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Kaiser Aluminum Corporation

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Kaiser used asbestos in its products for several decades, leaving thousands of workers susceptible to asbestos injuries. In early 2000, Kaiser was facing more than 100,000 asbestos claims and strain from a labor dispute. To manage the financial burden, the company filed for Chapter 11 bankruptcy protection in 2006. The Kaiser Asbestos Trust was started with $1.2 billion.

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When Kaiser Aluminum & Chemical Corp. began operations in 1946, it was made up of two aluminum reduction facilities and an aluminum rolling mill. Over the years, Kaiser expanded its reach into aluminum mining, manufacturing and distribution. It was involved in almost every facet of the aluminum industry.

At first, Henry Kaiser leased three aluminum facilities in Washington state that were owned by the United States government. Kaiser Aluminum eventually purchased the land and grew to 12 facilities across the nation. Kaiser Aluminum is just one of the many companies started by Henry Kaiser. He was also known as an aluminum and steel mogul who had a hand in dozens of industries.

Occupational Exposure

Kaiser had several plant sites, including one in Foothill City, California and several Washington state locations. There are several occupations that are at risk:

  • Construction Workers
  • Welders
  • Manufacturing
  • Metal Work
  • Shipbuilding and Shipping
  • Steel Workers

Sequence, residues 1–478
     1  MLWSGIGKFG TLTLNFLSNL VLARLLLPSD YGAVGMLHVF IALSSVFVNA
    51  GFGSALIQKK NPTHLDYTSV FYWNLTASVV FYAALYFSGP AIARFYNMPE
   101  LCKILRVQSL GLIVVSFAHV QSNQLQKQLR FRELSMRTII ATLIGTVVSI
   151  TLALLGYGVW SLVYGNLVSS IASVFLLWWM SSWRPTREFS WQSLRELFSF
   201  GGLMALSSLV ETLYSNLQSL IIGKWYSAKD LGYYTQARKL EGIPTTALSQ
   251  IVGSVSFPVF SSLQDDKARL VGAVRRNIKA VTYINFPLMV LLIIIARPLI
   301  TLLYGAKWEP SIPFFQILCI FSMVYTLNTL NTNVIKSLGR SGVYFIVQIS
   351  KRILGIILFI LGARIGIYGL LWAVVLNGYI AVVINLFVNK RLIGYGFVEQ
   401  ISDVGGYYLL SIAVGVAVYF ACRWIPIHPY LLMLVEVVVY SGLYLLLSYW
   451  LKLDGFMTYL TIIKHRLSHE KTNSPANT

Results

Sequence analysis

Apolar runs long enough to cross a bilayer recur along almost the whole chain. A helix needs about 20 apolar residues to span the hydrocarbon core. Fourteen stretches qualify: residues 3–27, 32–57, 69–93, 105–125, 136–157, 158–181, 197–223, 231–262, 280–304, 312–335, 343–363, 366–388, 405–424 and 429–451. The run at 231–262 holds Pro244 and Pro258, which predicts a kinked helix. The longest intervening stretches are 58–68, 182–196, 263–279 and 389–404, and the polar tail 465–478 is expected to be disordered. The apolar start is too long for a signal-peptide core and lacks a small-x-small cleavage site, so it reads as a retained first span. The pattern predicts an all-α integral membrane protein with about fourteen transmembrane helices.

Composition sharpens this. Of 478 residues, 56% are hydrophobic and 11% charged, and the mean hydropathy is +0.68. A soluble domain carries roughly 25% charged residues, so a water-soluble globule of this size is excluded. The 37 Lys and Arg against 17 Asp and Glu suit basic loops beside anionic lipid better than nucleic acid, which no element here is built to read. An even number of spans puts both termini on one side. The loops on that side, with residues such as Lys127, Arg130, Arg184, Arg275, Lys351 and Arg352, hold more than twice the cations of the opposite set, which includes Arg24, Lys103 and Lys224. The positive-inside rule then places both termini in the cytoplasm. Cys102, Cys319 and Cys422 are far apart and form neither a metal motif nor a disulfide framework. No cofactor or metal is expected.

• Plant Operators
  • Cold and Hot Rollers
  • Casters

Asbestos Usage

In the 1950s, the company’s aluminum products could be found in all functions of construction and the military. Asbestos was used because of its high heat, chemical and fire resistance throughout Kaiser plants. Some examples include its use on aluminum smelters, which extract aluminum from oxide, to prevent conducting electrical current. Asbestos was also used in the heavy machinery on the plants and in protective clothing. The company also used asbestos to produce protective fireboards for U.S. Navy ships and other ships. Asbestos was also used in the company’s buildings and offices.

Asbestos was regularly used in Kaiser products from the company’s birth through the early 1980s. Due to the wide reach of Kaiser Aluminum & Chemical Corp. there is the potential for widespread asbestos exposure. Many Kaiser products may still remain in buildings, construction materials and shipyards today.


Types of Asbestos Products

From the beginning, Kaiser was involved in all variations of aluminum work. The company’s products that put workers and bystanders at the most risk include the following:

  • Metal-encased firebrick
  • Block insulation
  • Finishing cement
  • Wool cement
  • Insulating cement
  • Building panel and siding
  • Raw asbestos fiber
  • Plastic chrome ore
  • Fireboard
  • Shipbuilding materials

Asbestos Products

From floor to ceiling, there were dozens of materials that used asbestos. While most of these products are no longer on the market, some of Armstrong’s products still contain asbestos. Government regulations allow some asbestos to be used in some products still. Armstrong World Industry used the following products that contained asbestos:

  • Limpet – Armstrong’s Limpet spray insulation, which was commonly known as flock insulation, was used from 1960 to 1973 and was completely made from asbestos. It was removed from the market because it was vulnerable to impact damage and water penetration.
  • Insulation Board – Used as a standard fire, heat and acoustic insulation, the insulation boards contained between 25 and 40 percent asbestos fiber. These boards were vulnerable to impact damage and deterioration.
  • Vinyl Flooring – Asbestos was also used as an insulator in these tiles. They are known to become brittle and break.

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